I’ll admit it: I hate blogging (Week 1)

Perhaps it’s because I’ve only ever been forced to blog for classes that I find it boring – and challenging. To me, the point of a blog is that people willingly share their thoughts with the public, on any topic. This allows for freedom of expression and a personal flare to the writing. Therefore, I struggle to understand why blogging is such a phenomenon among professors right now, even after reading more about blogging as a form of academia. By requiring it for a course, doesn’t that limit and prohibit full honesty in the writing? But I must say, I’m completely open to changing my mind on the matter! And I say all of this to be completely upfront in the hopes that my writing has more truth to it. In blogs for other courses, the writing never sounded like me because I was forcing it.

Moving on. . .as a lover of travel and all things international, I should be the first person to back blogging. How cool is that I can read about students’ lives across the world through a blog or Twitter? On the other hand, I have Instagram, Snapchat, Facebook, and whatever other social media platforms may emerge in the future, to keep my global friendships alive. Are we looking at these platforms as forms of learning and education, as well? A picture is worth a thousand words, so imagine all we can learn from a person’s 167 Instagram posts! However, I recognize (and agree) that social media is not real life, and it’s only a snippet of a person’s reality – if at all. Can the same be said of blogging? Isn’t it just another form of a person trying to show the rest of the world how smart, cultured, and open-minded they are? #woke

I’m 24 years old. Facebook became huge when I was in 8th grade and we still had to hide our MySpaces from our parents. Ever since, I’ve been so tightly connected to the internet and technology. My phone is rarely out of sight, and I’ve recently made a point to leave it locked away in another room so I could start enjoying the real world again. I don’t need to check Facebook, Twitter, Snapchat, Instagram, and even Venmo, on a loop while watching Real Housewives of New York on the TV and reading BuzzFeed on my laptop. Maybe I worry blogging will just strengthen that technology reliance even more. Instead of learning about education, cultures, fashion, art, cooking, and so on through a blog, shouldn’t I be pushing myself to go out and experience those things firsthand?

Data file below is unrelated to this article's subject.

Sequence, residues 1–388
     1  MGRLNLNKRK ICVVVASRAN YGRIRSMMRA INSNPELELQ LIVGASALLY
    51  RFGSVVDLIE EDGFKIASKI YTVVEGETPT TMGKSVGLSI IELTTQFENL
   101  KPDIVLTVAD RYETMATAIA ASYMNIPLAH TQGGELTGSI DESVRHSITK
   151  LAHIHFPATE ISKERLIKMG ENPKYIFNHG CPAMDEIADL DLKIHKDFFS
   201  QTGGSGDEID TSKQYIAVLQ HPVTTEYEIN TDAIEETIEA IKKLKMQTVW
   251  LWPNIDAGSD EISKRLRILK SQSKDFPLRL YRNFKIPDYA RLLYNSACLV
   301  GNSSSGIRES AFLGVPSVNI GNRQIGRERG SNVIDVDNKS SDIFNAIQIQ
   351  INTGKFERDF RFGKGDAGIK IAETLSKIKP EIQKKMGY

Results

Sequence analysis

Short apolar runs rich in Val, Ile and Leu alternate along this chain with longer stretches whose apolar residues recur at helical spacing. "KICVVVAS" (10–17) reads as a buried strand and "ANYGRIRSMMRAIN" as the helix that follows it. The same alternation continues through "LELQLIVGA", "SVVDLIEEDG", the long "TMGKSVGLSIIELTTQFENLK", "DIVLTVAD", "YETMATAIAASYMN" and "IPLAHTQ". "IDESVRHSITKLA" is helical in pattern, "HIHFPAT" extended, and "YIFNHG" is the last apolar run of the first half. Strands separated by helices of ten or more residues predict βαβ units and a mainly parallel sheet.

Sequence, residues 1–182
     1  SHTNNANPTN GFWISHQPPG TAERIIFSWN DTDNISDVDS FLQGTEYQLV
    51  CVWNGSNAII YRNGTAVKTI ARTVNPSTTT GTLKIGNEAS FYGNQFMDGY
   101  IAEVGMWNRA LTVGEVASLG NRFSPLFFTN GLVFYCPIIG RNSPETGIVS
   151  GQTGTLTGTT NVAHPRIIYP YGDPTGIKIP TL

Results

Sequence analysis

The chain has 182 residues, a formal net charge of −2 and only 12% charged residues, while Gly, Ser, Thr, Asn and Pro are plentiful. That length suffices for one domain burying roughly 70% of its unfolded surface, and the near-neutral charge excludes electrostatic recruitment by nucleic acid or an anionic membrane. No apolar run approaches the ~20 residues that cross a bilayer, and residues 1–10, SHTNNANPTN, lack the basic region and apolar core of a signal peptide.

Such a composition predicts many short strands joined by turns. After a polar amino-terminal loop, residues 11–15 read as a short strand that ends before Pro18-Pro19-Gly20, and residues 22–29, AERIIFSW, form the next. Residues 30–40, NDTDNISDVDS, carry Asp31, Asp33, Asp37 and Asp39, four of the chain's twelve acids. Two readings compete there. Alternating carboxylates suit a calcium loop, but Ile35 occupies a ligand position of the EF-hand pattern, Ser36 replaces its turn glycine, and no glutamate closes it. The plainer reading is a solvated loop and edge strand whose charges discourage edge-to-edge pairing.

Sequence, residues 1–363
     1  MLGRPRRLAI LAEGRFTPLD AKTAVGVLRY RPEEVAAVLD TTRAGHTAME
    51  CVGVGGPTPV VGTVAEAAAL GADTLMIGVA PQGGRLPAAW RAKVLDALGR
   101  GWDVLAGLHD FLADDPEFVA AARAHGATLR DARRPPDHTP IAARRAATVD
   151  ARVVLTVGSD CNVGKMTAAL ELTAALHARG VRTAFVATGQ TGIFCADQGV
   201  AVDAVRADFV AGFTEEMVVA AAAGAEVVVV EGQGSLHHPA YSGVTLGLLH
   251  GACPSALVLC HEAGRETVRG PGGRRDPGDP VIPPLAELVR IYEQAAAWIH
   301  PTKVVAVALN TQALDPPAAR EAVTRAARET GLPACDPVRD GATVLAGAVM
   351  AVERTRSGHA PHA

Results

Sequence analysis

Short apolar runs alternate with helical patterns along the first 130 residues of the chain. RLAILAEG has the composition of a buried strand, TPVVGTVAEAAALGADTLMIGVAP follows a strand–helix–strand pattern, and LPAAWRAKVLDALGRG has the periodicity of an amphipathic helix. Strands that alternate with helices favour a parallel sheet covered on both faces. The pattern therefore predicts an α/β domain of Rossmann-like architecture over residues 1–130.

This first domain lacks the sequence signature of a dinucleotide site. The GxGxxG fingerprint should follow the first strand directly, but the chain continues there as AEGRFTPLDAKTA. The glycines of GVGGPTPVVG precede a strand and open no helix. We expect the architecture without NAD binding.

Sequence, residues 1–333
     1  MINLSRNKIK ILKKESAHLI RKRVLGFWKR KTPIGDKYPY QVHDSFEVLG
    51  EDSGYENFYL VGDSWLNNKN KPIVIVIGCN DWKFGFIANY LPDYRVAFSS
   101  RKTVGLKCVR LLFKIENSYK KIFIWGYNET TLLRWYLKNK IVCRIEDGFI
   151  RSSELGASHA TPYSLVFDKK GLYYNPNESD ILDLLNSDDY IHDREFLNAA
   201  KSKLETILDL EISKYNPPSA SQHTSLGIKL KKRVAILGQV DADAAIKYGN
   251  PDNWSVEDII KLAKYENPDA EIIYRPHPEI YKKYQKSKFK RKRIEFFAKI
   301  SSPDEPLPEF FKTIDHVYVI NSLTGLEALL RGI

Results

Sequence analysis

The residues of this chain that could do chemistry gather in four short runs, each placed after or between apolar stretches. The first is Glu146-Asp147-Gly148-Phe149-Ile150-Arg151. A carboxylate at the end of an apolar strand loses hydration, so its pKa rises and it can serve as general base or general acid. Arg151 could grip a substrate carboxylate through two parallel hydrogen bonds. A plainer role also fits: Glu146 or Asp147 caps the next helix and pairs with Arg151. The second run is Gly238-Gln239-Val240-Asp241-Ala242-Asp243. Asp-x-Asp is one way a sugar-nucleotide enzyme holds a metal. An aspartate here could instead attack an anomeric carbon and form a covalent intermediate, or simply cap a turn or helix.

And here I’ve gone and done exactly what I critique bloggers for – rattled off my opinion on a subject that I’m not well-versed in and that people probably don’t care to hear. And hey Dan Cohen, tweeting doesn’t always have to be an intellectual commentary on one’s professional field. I like reading about what people had for breakfast on Twitter!


6 Replies to “I’ll admit it: I hate blogging (Week 1)”

  1. Experience cooking, or watch someone cook? Experience eating, or watch someone eat? (Have you ever seen the mukbang videos on youtube? Individuals eat copious amounts of food while thousands watch…) I too can become concerned that technology takes too much away from experiencing life, especially when the photo seems more important than the experience. I also though have greatly benefited from the information on blogs and the web – information that has become so easily accessible. And while I don’t interface as well with technology as my grandchildren, I see the vast networks my sixteen year old grand-daughter developed across the country and the world that involves her in learning – albeit learning about things such as food, fashion and k-pop bands. That said, some kind of balance seems to be in order….